[This review first appeared in the October 1990 issue of Chronicles.]

Walter Scott, in 1820, wrote that Fielding is “father of the English Novel.” Yet James Russell Lowell, in 1881, remarked to an English audience that “We really know almost as little of Fielding’s life as of Shakespeare’s.” Lives of Fielding, or important essays about him, have been written by distinguished men of letters—Arthur Murphy, Walter Scott, James Russell Lowell, Austin Dobson, Leslie Stephen, Wilbur Cross, and others—but no thorough biography had existed before this big new book came from the press.

Professor Battestin and his wife have discovered a good many Fielding letters previously unknown, 41 political satires previously unattributed to him, and abundant materials in the Old Bailey Sessions Papers and various London archives. We still do not know everything about Fielding; but it seems probable that this Battestin Life, so carefully prepared, will remain the principal study of one of the most lively writers in the English language. Battestin published 15 years ago The Moral Basis of Fielding’s Art, a major study; he is the undisputed chief authority on Fielding’s writings and his life.

It will not do to judge this book by the publicity hand-out sent to reviewers and booksellers by the publisher. This blurb instructs us that Tom Jones “shocked the delicate minded members of English society when it was first published in 1749. In fact many believed that the book, with its lusty hero, was responsible for the two earthquakes which rocked London shortly after its publication.” This is rubbish. There were no London earthquakes (!); and as for shocking the English public at the middle of the 18th century, a sentence from Lowell will suffice here: “We must guard against falling into the anachronism of forgetting the coarseness of the age into which he [Fielding] was born, and whose atmosphere he breathed.” Fielding and Smollett shocked nobody much.

Worse follows. The writer for Routledge’s “book news” endeavors to make much of alleged possible incest. “There is also evidence to hint at possible unorthodox behavior with his sister Sarah, who in fact moved in with Fielding after the death of his first wife.” How shocking, that a sister (also a novelist, incidentally) should keep house for her brother! Actually, Battestin touches only briefly on such conjectures, although he appears to have been tempted to turn psycho-biographer at two or three other points.

For antidote to such nasty speculations, one may turn to the pages of Sir Leslie Stephen, in 1899:

Fielding’s critics and biographers have dwelt far too exclusively upon the uglier side of his Bohemian life. They have presented him as yielding to all the temptations which can mislead keen powers of enjoyment, when the purse is one day at the lowest ebb, and the next overflowing with the profits of some lucky hit at the theatre. . . . But it is essential to remember that the history of the Fielding of later years, of the Fielding to whom we owe the novels, is the record of a manful and persistent struggle to escape from the mire of Grub Street. . . . He was manly to the last, not in the sense in which man means animal; but with the manliness of one who struggles bravely to redeem early errors, and who knows the value of independence, purity, and domestic affection.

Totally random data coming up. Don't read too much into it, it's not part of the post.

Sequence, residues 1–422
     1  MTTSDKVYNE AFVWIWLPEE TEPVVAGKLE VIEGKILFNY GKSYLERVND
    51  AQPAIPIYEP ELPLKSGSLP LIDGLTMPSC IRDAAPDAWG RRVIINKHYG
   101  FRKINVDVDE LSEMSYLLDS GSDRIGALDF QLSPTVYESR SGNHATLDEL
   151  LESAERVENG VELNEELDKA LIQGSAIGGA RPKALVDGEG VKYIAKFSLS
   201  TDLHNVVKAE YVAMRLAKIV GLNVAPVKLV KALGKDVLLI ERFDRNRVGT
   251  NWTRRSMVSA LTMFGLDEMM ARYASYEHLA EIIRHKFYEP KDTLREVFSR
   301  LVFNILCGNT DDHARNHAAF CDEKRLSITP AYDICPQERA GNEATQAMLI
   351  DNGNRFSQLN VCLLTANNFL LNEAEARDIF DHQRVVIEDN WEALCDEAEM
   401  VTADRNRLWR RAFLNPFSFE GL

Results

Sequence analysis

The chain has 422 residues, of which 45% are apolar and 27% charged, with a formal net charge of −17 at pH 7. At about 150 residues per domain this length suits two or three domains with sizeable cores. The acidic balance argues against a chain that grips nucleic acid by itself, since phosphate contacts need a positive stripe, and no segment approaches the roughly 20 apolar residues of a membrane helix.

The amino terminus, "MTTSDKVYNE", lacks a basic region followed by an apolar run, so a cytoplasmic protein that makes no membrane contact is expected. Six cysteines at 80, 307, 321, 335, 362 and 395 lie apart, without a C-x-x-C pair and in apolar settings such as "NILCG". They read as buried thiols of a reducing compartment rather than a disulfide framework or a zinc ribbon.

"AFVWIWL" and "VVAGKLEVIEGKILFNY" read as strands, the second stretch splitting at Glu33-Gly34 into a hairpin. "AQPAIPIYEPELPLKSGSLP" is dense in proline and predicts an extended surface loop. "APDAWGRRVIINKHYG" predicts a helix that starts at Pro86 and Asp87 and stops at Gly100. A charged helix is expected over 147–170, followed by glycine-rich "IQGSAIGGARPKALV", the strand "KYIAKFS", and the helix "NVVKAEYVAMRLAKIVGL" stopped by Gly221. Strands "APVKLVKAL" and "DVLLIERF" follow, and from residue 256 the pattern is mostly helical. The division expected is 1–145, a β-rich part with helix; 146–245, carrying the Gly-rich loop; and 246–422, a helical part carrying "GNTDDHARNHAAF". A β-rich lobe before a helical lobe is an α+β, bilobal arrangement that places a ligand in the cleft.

And it is thus, indeed, that Battestin perceives Fielding. This new life gives the quietus to diverse silly anecdotes and legends about Fielding—among them Horace Walpole’s picturesque but malicious report that when justice of the peace for Westminster and Middlesex, Fielding was found dining at his house with “a blind man, a whore, and three Irishmen.” In truth, the blind man was Sir John Fielding, Henry Fielding’s half-brother and his successor as “court justice” in Westminster; and the alleged “whore” was the second Mrs. Henry Fielding.

Part IV of this book, “Magistrate and reformer,” I find particularly interesting. Fielding’s campaign against robbers and thieves, which effort brought about the final ruin of his health, may remind readers of the streets of New York, Washington, or Detroit nowadays. Fielding succeeded in catching “a gang of twenty armed pickpockets,” all of them Irish and all discharged sailors, who called themselves “The Royal Family”; and also in convicting “Terrible Nick” or “Nick the King of Glory” and his band.

The publisher’s blurb calls Fielding a “public defender”—as if he had headed some 18th-century Legal Aid bureau. In truth, his vigorous putting down of riotous mobs became highly unpopular. Battestin makes this clear:

The century in which he lived was moving toward revolutions in both the Old and New Worlds that ushered in republican and democratic forms of government; but Fielding, like the vast majority of his contemporaries, distrusted such systems. He scorned ‘the Mob’—’the fourth Estate,’ as he called them sarcastically. He would have regarded those epoch-making events with horror, as cataclysms very like the triumph of Anarchy that Pope envisaged in the Dunciad. . . . Far from being the forward-looking prophet of libertarianism he sometimes is said to be. Fielding was profoundly conservative as a social thinker.

Tom Jones, said Edward Gibbon, “will outlast the palace of the Escurial, and the imperial eagle of the house of Austria.” The Escurial was not tumbledown, when last I saw it, and the great family of Habsburg is vigorous still, though dethroned. Moreover, this reviewer adheres more to the Scott school of the novel than to the Fielding school. Nevertheless, Tom Jones will not fall into the obscurity that long ago overtook Fielding’s plays; nor will Fielding the man be forgotten, rant though Deconstructionists may.


[Henry Fielding: A Life, by Martin C. Battestin with Ruthe R. Battestin (London and New York: Routledge) 738 pp., $45.00]